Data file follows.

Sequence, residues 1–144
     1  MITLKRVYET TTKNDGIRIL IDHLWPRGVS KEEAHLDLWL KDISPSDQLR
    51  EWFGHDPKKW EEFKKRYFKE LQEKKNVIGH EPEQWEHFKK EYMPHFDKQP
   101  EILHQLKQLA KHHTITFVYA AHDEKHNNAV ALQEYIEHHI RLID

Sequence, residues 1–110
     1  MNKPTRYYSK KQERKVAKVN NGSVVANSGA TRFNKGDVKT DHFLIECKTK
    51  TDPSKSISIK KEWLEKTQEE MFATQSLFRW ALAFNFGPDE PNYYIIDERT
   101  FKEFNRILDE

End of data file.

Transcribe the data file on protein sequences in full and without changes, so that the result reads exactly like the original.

Sequence, residues 1–144
     1  MITLKRVYET TTKNDGIRIL IDHLWPRGVS KEEAHLDLWL KDISPSDQLR
    51  EWFGHDPKKW EEFKKRYFKE LQEKKNVIGH EPEQWEHFKK EYMPHFDKQP
   101  EILHQLKQLA KHHTITFVYA AHDEKHNNAV ALQEYIEHHI RLID

Sequence, residues 1–110
     1  MNKPTRYYSK KQERKVAKVN NGSVVANSGA TRFNKGDVKT DHFLIECKTK
    51  TDPSKSISIK KEWLEKTQEE MFATQSLFRW ALAFNFGPDE PNYYIIDERT
   101  FKEFNRILDE